SD: I like that idea of a double gesture. And I would say it also became much more pronounced towards the end of Ludlow’s run, because people now follow exhibitions from their phones. I don’t think that was so much the case in the beginning. Let me now jump a bit forward to the idea that Ludlow was meant to offer a professional development experience. I wonder if at any point you felt that you were learning something new—be it a method, an approach, a special skill?
NT: At Ludlow you’re responsible for everything. You have the support of the Goethe-Institut and you have one assistant, but you are responsible for a lot of different things. You have to be very hands-on. At the same time, it was not an off-space Glossary off-space: A term used in Germany to describe small, often self-initiated and nonprofit art spaces. Comparable to a “project space” in the US. , it was a public institution. The budget was not huge, but it was also not insignificant. You have to learn all sorts of things. I also think that in New York the attention span for exhibitions is not so big. With everything that you do, you have to get people’s interest for a hot minute. The pace is very different from Europe. The idea of time differs. For example, my first program was a film program that took place every Sunday for about a month. In Germany, I would have shown three hours worth of films every time; in New York, I always thought it should not exceed one hour and a half. I wanted people to come in, sit down, and not rush in and out. But this happens a lot in New York. As a curator, you have to adapt your strategies in conversation with the public, and this became very clear to me. Also, the press releases required a different style than the ones that I had previously written for German institutions. I had the feeling it had to be shorter, be a little less playful, hit the point more directly.
I had to rethink some of my ideas in this context. For example, I was always in favor of political correctness. However, during my residency, I realized that even though pretty much everyone that I spoke to was very aware of speech (compared to Germany, it’s a completely different degree of awareness), it did not prevent blatant racism on the streets. I saw things that I would not have expected to happen in New York. So I came to realize that perhaps political correctness has less impact on people’s thinking than I previously believed. All in all, I’m still very influenced by American discourse. I think it’s more advanced than in Europe. I would wish that Europe might find its own way of dealing with and reacting to its history of colonialism, structural racism, sexism, etc.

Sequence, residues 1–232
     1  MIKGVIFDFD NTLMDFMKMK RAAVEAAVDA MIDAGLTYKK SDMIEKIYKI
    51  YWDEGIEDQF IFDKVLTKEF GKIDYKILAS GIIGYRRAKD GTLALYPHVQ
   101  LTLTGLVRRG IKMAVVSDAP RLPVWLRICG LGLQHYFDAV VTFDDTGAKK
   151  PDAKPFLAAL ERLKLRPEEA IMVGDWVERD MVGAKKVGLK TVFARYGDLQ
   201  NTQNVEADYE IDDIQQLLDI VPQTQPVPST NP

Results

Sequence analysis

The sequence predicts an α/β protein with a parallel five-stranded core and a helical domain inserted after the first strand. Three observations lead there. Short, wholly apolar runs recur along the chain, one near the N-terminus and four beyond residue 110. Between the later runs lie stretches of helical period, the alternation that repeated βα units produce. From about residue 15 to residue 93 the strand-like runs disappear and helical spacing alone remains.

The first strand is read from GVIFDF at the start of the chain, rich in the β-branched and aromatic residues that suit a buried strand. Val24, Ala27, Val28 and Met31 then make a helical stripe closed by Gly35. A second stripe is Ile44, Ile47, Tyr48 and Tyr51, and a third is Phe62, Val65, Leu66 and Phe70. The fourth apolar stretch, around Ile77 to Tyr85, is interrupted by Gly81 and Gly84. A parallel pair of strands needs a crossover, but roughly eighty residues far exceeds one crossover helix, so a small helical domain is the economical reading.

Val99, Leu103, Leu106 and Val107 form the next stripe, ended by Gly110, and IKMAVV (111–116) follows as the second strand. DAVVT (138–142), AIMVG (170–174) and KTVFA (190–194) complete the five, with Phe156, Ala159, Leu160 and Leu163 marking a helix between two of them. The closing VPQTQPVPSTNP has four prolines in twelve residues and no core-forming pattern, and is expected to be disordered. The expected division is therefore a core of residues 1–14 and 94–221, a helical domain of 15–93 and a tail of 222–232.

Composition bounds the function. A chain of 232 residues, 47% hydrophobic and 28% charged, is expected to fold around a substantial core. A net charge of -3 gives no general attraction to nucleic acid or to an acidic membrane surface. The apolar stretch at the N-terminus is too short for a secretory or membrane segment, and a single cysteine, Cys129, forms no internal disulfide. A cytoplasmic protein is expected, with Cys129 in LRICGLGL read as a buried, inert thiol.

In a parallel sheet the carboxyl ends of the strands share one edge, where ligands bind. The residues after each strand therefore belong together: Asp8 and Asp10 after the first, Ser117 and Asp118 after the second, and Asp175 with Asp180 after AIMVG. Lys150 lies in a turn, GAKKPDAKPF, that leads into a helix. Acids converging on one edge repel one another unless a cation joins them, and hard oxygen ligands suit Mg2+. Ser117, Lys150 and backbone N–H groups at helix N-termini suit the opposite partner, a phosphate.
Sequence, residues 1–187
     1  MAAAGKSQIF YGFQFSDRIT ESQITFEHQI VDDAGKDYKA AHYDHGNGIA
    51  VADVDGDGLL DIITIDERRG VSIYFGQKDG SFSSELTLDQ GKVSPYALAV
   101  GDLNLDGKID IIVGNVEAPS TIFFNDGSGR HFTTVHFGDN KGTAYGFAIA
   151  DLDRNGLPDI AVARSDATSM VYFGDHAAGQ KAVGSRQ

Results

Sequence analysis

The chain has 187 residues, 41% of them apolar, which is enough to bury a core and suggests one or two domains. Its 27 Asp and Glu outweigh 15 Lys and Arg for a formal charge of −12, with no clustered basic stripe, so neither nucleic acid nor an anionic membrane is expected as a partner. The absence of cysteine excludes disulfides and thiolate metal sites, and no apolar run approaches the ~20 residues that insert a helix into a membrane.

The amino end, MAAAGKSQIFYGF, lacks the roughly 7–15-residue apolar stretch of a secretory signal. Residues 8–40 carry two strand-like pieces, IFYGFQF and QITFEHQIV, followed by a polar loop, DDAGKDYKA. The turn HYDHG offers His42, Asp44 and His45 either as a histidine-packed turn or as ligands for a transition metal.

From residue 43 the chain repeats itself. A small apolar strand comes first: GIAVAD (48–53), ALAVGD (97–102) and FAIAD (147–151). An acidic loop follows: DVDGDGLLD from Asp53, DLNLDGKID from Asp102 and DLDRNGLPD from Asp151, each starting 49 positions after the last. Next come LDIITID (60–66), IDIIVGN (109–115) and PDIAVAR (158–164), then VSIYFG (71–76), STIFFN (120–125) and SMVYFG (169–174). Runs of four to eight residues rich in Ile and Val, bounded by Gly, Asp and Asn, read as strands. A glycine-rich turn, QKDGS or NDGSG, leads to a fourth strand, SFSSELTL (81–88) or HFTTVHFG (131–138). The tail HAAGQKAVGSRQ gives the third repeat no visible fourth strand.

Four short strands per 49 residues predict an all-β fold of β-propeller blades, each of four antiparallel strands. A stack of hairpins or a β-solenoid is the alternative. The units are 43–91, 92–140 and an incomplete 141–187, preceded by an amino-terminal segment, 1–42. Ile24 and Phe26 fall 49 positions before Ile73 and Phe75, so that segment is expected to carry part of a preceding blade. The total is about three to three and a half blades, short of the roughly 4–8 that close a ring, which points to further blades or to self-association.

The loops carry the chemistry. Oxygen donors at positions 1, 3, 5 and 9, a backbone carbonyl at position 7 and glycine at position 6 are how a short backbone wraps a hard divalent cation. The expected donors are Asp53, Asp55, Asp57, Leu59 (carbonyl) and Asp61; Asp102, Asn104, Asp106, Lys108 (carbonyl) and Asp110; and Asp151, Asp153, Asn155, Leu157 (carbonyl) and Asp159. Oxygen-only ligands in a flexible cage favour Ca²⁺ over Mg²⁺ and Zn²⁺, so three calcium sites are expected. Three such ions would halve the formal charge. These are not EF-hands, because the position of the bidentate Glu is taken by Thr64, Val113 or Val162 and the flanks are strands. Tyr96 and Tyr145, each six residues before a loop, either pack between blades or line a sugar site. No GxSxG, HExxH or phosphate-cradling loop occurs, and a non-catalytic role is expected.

SD: Yes, I have the same experience. I’m actually from Belgium, and when I go back I notice that there is a lot of work to do. But I wonder, when you finished your year at Ludlow, did you keep following the program?
NT: I think the interesting thing is that it changes every year. Every curator completely reshaped the idea of what Ludlow is. Afterwards, I felt most connected to Avi Feldman’s program; I liked his idea of an Agency for Legal Imagination. But overall, I appreciated the different approaches.
SD: What are your thoughts on the fact that the program is ending?
NT: Tragic thoughts. There’s no other program I know of that allows you to really run such a space for a year. Ludlow was very important. As an emerging curator from Europe, you cannot go to a city like New York and get a job in an institution and direct the program there. Maybe you can become a curatorial assistant, maybe even a curator, but you will always have a department head and department interests. In this respect it was very formative for me, and a rare opportunity. At the same time, Ludlow was really important in the context of New York because, as I said before, it functioned like a public institution. The artists also very much enjoyed it— the work style, the possibilities.
SD: Is this because it was so intimate and it allowed a very direct contact with the curator? Or is it because of this freedom that you say existed in the institution?
NT: It’s mostly the freedom and the possibility to experiment. Big institutions, especially in the US, are very bureaucratic. But Ludlow is a small space: you decide and you do it. I was very sad when I learned that it’s over. It’s a loss for the Lower East Side, New York, and also for Germany.